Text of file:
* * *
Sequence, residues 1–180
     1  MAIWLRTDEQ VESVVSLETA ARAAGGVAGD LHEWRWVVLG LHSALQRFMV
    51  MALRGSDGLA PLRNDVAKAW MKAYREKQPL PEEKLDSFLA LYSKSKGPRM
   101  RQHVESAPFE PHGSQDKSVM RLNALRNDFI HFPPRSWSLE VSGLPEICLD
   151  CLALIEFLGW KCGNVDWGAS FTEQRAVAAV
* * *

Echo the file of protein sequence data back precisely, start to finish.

Sequence, residues 1–180
     1  MAIWLRTDEQ VESVVSLETA ARAAGGVAGD LHEWRWVVLG LHSALQRFMV
    51  MALRGSDGLA PLRNDVAKAW MKAYREKQPL PEEKLDSFLA LYSKSKGPRM
   101  RQHVESAPFE PHGSQDKSVM RLNALRNDFI HFPPRSWSLE VSGLPEICLD
   151  CLALIEFLGW KCGNVDWGAS FTEQRAVAAV